As China beefs up efforts to transform and upgrade its manufacturing industry toward a digitalized and intelligence-based model, an open and cooperative business environment is essential, experts and executives told the Global Times.
Based on a survey of over 1,000 global manufacturing plants, the World Economic Forum (WEF) identified in September nine plants as the “lighthouse” factories representing the Fourth Industrial Revolution (4IR). Domestic appliance maker Haier’s factory in Qingdao, East China’s Shandong Province was the only Chinese factory being selected.
The ranking was based on the implementation of smart manufacturing initiatives that are part of the 4IR, including data analytics and artificial intelligence (AI).
The Haier factory is making the most of “user-centric mass customization,” said the WEF, including an “order-to-make” mass customization platform and a cloud-based product maintenance program.
Liu Yuping, senior manufacturing technical manager at Haier, told the Global Times in a recent interview that the root reason for such AI technologies bearing fruit in the factory is that they allow products to be based on consumer demand.
“The unification between internal employees and users’ requirements creates the conditions for mass customization,” Liu noted.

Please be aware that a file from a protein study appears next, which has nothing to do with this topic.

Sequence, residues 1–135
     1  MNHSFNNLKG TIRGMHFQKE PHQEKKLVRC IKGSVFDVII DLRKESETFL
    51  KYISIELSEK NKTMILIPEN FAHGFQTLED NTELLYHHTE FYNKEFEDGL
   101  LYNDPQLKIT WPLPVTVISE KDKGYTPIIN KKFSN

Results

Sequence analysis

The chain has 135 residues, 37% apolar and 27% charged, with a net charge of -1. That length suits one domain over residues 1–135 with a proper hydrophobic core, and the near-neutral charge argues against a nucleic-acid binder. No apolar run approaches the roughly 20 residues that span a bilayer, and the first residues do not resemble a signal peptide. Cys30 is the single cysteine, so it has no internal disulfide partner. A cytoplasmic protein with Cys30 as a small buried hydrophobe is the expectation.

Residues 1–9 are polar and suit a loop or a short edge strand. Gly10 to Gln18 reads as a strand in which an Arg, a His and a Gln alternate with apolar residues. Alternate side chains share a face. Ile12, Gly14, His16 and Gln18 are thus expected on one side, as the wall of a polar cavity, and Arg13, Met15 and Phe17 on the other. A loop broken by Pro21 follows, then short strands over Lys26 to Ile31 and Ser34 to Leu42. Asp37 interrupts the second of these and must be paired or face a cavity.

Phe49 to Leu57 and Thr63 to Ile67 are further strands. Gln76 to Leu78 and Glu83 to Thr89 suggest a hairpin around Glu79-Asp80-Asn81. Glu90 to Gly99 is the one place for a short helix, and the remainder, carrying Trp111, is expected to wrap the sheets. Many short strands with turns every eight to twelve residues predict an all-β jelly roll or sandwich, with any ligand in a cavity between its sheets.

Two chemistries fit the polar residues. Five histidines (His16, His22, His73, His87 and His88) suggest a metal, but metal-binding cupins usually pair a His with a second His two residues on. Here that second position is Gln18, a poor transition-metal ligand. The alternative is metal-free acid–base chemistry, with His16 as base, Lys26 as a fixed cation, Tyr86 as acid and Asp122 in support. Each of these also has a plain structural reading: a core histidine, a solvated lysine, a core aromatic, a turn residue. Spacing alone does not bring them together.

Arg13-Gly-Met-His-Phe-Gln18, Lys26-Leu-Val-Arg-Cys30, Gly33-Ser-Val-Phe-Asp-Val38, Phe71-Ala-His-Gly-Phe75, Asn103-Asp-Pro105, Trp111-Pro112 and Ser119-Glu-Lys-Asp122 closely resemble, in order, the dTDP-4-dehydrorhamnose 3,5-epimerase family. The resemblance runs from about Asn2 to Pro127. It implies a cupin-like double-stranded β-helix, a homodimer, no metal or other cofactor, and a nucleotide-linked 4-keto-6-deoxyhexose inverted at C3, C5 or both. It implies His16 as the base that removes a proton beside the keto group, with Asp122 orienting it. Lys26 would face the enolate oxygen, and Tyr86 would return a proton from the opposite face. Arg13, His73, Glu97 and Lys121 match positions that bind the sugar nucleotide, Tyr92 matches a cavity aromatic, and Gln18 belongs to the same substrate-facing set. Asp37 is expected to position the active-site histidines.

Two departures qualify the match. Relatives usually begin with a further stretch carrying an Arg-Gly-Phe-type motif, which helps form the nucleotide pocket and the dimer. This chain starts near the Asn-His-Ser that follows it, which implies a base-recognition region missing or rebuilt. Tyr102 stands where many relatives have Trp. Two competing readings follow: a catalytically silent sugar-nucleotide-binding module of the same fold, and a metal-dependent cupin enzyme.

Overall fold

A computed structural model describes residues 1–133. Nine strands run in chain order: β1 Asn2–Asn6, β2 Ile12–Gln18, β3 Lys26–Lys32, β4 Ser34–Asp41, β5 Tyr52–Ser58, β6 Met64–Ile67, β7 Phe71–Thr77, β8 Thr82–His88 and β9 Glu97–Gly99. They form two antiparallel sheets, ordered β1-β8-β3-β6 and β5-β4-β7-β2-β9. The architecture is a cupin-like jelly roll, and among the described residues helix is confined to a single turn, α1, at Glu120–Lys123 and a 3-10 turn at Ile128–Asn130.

Chinese manufacturers, big or small, are positively embracing opportunities brought by the 4IR, and the moment is also a key transformation and upgrading period for the country’s manufacturing industry, said Ni Jun, a professor at the University of Michigan.
But there is still insufficient innovation in China’s factories in general, Ni told the Global Times in an interview at the 2018 Summer Davos Forum held in North China’s Tianjin Municipality from September 18 to 20.
“The promotion and application of 4IR technologies like big data analytics, AI and cloud computing are based on improved automation and information,” Ni said, adding that there is still a long way to go.
He estimated that most big manufacturers in China are expected to develop new technologies in automation and information in the next five to 10 years.
Some large enterprises like Haier and Foxconn, formally known as Hon Hai Precision Industry, are leading the transformation by speeding up the development of industrial internet platforms.
Foxconn Industrial Internet Co, a Foxconn unit focusing on the industrial internet, was listed on the Shanghai Stock Exchange in June, becoming the first stock of its kind to get listed.
Haier has also created its self-developed COSMOPlat, an open industrial internet platform, with the aim of developing the internet of things and applying it in various sectors, according to Liu.
Ni said that priority should be given to industry, with the internet offering enhanced support.
The rich variety of China’s industrial sectors, technology and equipment is an advantage, as is the domestic presence of foreign firms operating in these sectors, Ni noted.
In addition, Chinese enterprises are more likely to attain business growth in leaps and bounds compared with foreign players since the latter have much higher legacy costs to pay, which poses an obstacle for technological upgrading, he said.
Ni also emphasized the importance of a cooperative mind in the manufacturing sector globally. “Manufacturing involves cross-sector and cross-discipline research and expertise. A single country cannot do it all by itself,” Ni said.